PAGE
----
6. In 268 cases, we had provisional ballots issued for one of these categories and all was correct, except that the voter's ID had not been marked as verified.  We had these in a separate category because we didn't know the ID had not been verified, only that it had not been recorded as such.  Therefore, we recommended these be counted (we cite the legal reference to any recommendation in the right column of the canvass sheets).
  7. "FWAB" is the Federal Write-in Absentee Ballot.  These essentially are military voters who can fax or email their ballots.  These came in late on election day and have to be hand-counted because the ballots cannot be scanned.  They could have been included in election night totals but the results would have been later in the evening.  We had 214 of these.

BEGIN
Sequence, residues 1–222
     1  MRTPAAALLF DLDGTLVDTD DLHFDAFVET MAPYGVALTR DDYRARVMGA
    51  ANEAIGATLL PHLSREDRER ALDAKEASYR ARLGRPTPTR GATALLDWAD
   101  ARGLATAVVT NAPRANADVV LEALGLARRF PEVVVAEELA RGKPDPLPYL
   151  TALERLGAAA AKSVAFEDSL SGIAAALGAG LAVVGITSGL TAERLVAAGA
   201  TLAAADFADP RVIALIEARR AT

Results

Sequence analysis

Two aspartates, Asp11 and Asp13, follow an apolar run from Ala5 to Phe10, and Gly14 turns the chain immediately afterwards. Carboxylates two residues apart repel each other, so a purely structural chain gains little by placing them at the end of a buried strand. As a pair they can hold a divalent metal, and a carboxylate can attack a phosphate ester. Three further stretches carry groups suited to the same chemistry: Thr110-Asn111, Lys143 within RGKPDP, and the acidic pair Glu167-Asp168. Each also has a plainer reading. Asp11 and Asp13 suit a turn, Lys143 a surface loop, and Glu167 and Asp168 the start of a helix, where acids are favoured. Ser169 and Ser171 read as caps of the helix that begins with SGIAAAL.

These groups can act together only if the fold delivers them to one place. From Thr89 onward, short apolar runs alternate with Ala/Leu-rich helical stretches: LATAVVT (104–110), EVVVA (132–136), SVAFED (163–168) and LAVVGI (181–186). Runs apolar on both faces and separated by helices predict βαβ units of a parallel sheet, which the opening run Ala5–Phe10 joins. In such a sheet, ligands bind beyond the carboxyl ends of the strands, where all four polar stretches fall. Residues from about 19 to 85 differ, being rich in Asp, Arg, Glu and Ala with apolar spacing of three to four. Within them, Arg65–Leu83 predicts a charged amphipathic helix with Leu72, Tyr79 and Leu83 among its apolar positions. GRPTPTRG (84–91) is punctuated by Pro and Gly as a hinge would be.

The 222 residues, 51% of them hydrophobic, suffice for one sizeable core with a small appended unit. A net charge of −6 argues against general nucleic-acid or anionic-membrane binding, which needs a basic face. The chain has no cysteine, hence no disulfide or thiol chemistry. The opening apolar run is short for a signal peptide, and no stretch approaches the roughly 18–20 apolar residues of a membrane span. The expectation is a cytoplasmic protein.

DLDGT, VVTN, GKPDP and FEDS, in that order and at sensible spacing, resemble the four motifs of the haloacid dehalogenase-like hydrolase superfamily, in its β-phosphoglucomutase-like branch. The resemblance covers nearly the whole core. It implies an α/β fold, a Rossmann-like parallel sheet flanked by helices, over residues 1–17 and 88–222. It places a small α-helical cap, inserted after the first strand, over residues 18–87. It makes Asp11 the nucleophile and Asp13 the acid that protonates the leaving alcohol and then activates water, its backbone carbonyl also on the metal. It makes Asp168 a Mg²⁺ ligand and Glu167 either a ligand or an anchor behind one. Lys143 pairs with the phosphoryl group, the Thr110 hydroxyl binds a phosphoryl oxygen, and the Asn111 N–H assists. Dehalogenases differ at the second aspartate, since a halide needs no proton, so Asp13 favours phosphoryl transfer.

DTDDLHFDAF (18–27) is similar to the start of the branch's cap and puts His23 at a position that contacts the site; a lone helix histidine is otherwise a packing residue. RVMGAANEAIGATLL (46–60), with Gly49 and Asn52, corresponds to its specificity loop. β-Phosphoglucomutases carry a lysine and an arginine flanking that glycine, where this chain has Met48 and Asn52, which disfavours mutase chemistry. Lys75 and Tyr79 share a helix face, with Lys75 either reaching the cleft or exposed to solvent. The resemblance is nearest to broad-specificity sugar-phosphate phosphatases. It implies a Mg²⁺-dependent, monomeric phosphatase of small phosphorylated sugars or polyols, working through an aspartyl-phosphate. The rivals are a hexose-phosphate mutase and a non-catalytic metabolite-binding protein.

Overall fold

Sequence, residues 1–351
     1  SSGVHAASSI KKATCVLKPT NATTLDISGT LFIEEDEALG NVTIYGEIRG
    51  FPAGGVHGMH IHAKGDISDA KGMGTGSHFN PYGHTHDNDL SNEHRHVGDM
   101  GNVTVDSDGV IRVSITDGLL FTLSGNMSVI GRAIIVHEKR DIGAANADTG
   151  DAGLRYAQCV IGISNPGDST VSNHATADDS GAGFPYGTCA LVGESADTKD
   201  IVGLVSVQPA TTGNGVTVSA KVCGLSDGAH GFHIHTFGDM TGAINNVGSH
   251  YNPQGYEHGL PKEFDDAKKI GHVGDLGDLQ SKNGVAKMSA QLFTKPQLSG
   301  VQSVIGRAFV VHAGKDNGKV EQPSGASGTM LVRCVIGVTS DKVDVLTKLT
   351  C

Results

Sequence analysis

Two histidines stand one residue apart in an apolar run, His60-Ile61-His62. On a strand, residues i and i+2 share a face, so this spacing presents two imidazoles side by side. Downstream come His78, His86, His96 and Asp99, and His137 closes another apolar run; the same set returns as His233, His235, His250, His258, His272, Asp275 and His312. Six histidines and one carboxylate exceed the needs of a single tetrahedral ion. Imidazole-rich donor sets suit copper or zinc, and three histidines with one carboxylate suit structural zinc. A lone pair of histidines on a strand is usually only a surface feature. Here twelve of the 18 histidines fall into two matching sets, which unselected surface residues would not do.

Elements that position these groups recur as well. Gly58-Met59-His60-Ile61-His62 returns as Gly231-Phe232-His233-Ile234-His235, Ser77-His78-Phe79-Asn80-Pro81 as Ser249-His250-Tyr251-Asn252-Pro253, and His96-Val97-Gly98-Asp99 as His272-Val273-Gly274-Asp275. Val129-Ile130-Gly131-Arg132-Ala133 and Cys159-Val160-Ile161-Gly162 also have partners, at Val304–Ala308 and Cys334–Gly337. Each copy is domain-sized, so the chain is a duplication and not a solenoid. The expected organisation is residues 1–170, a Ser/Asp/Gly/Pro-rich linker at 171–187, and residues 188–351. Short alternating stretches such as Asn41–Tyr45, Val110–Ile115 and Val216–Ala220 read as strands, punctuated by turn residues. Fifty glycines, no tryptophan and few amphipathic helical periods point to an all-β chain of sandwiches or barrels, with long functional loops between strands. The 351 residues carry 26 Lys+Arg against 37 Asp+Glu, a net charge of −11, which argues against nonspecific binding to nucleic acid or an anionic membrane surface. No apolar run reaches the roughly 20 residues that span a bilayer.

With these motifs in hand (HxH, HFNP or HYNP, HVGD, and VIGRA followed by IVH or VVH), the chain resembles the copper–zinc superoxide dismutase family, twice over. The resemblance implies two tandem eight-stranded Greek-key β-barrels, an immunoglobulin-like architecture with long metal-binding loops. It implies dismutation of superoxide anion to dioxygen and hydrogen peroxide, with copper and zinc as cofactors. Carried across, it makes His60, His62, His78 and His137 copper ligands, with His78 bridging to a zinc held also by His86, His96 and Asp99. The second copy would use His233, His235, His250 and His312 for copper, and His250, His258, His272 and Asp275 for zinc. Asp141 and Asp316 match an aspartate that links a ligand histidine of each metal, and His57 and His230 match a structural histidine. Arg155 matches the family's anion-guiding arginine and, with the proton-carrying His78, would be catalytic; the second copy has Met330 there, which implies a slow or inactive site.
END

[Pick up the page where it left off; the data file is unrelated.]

8. In 103 cases, a voter did not submit photo ID but did before the canvass.  Most of these were ballots by mail.
  9. 68 times, we issued a replacement ballot in cases where the original was damaged or lost.
  10. We have a form for those voters whose name on their ID and registration don't match, but they want to keep it that way.  Usually, these are women who have different last names after life changes.  In lieu of ID, they can complete an affidavit that explains the name discrepancy.  19 voters did this.
  11. In presidential elections, because voters who move can sometimes get caught between states' voting requirements, there is a provision where voters can get a "presidential only" ballot.  4 voters fell in this category.